Repeat anything often enough and it will start to be seen as true. Take rebirth for example. How often have I heard or read this statement or versions of it - ‘The Buddha (Buddhism) borrowed (copied) the idea (doctrine) of rebirth (reincarnation) from Hinduism.’ Coming from Swami Vivekananda, Christmas Humphries, Paul Carus or the like, such a statement would be understandable – they were not scholars and they had hidden agendas. But coming from theologians, historians and even Indologists of repute it really is astonishing. It is also proof of the accuracy of the first line in this blog. I would like to briefly examine three words in this statement; (1) Hinduism, (2) borrowed and (3) rebirth.
(1) The Buddha could not possibly have borrowed the idea of rebirth/reincarnation or indeed anything else from Hinduism for one simple reason – Hinduism did not exist in the 5th century BCE. I am not being pedantic here, I’m being historically and chronologically precise. What we now call and recognize as Hinduism did not begin to take its present form until at least the 3rd century CE, a good 800 years after the Buddha. The majority religions that flourished during the Buddha’s time were Brahmanism (the worship of the Vedic gods) and Indian animism. Both these religions gradually merged, absorbed Upanisadic spirituality, various tribal gods (Ganesh, Hanuman), yoga philosophy, big chunks of Buddhism and emerged as what we would now recognize as Hinduism. To say that the Buddha copied rebirth/reincarnation from Hinduism is to be as uninformed about history as someone who would say that Jesus copied the idea of salvation from Islam. To take this comparison a little further, it is certainly true that Jesus borrowed or took for granted much of Judaism and it would be just as true to say that Hinduism borrowed the concept of rebirth/reincarnation from Buddhism; not the other way around.
(2) Now let’s have a look at ‘borrowed.’ Even if we accept the historically inaccurate notion that Hinduism existed at the time of the Buddha, the statement in question would still be wrong. Because from where exactly would the Buddha have borrowed the idea of rebirth? If we look at all pre-Buddhist (5th cent. BCE) Indian literature we find that there is only the Vedas, the Brahmana Shastras and the eairler Upanishads. Throughout the whole of the Vedas there is not a single mention of rebirth/reincarnation. They teach that when people die they go to the ‘world of the fathers’ (pitrloka). Read through all the Brahamana Shastras and there is no reference to rebirth/reincarnation there either.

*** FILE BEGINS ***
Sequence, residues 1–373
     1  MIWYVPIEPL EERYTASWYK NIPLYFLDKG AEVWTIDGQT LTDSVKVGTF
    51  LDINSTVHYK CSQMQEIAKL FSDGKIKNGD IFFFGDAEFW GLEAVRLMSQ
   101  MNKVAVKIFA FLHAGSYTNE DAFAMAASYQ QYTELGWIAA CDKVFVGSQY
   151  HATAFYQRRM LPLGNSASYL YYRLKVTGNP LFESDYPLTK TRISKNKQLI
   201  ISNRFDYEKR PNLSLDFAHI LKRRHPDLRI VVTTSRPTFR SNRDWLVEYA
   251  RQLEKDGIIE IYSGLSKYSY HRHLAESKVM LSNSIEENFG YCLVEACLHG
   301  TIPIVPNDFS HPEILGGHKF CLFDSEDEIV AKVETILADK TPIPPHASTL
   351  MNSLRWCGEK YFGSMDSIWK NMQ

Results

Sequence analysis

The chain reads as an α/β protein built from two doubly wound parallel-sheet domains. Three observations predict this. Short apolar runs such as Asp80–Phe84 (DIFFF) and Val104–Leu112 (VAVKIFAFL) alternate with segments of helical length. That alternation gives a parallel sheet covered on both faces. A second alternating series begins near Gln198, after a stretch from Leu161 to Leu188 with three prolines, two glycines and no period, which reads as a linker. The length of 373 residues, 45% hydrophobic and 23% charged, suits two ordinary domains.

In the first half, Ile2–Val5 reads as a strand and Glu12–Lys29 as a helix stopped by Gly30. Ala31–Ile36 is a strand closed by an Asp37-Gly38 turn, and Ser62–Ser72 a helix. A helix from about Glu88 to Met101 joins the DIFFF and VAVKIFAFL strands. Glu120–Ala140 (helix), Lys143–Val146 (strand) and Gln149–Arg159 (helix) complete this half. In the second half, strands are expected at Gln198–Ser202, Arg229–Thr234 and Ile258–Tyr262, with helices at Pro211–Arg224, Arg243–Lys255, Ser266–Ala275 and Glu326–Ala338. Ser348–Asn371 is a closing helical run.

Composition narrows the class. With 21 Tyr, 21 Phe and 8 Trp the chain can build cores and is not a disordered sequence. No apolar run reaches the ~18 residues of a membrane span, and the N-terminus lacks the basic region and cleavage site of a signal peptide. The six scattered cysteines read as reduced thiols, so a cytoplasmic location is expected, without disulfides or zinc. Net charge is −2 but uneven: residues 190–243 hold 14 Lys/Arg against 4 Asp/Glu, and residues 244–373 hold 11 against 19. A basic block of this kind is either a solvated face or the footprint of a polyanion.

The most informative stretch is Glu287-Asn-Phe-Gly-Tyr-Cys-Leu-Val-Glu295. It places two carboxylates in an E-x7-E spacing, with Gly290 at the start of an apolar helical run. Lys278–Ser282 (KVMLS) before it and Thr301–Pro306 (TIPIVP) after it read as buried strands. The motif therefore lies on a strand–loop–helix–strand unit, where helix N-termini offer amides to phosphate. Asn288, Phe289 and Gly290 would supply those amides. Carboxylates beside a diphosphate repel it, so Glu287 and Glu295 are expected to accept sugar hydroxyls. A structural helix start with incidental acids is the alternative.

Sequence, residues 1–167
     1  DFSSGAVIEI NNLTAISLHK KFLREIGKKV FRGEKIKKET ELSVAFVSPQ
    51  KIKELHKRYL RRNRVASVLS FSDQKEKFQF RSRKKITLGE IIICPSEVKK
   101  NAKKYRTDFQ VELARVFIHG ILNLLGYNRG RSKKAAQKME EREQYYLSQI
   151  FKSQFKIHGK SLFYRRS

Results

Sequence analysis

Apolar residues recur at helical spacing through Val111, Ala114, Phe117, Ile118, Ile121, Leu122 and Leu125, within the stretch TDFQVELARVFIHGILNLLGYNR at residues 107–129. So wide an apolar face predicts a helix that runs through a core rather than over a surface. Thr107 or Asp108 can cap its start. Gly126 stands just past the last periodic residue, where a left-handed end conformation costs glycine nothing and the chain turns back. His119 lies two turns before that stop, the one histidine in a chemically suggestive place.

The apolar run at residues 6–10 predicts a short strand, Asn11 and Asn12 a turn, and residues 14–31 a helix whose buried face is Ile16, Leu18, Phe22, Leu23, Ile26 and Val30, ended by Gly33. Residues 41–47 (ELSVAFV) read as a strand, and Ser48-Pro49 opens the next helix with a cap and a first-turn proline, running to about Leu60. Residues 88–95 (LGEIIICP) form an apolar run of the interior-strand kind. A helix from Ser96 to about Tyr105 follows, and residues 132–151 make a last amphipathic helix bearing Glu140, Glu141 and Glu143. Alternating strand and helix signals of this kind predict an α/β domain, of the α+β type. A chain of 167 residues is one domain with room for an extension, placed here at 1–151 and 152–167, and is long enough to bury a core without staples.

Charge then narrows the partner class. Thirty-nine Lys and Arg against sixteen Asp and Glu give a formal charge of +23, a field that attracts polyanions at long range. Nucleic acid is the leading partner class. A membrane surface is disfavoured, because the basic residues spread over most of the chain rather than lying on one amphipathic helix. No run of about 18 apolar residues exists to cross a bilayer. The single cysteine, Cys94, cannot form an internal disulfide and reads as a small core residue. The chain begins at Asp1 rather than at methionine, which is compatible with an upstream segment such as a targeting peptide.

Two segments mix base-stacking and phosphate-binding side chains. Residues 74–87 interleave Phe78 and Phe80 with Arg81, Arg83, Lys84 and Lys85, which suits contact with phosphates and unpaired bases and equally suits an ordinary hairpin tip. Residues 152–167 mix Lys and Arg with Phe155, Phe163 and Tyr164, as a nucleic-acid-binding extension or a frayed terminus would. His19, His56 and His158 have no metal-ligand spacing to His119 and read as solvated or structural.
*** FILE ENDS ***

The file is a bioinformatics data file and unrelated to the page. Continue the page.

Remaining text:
The early Upanisads contain a lot of speculation about what will happens to the individual after death. The sage Yajnavalkya doubted the possibility of any after-death existence (Brhadaranyaka, 3,9.28,6). The Chandogya Upanisad says that when you die you go to the sun (Ch.3,17,6,7 and also Brh.5.6,1). In another place rebirth is mentioned but only to be dismissed as false (Brh.1,5,6). It is only in the Katha, the Manduaka, the Svetasvatara and the Maitri Upanisads that some form of reincarnation is accepted. Now the problem is that it is very difficult to date these Upanisads; they may be pre-Buddhist, contemporary with or after the Buddha’s time. Whatever the case, the evidence shows that reincarnation was neither a widespread nor a mainstream belief during the Buddha’s time or before. It is also worth pointing out that the Upanisads were secret teachings (upa + nisidati = to sit close) revealed only to the initiated; making it even less likely that their teaching of rebirth/reincarnation would have been widely known or accepted.
Now some Hindus may point out that the Bhavagat Gita mentions reincarnation and that ‘it was written 5000 years ago.’ Unfortunately, this claim belongs very much to the ‘Ancient Indians Invented the Airplane’ school of Indian history. The theme of the Mahabharata, from which the Bhagavat Gita comes, is certainly very ancient but in its present form it dates from somewhere between the 1st and perhaps the 4th centuries CE, long after the Buddha.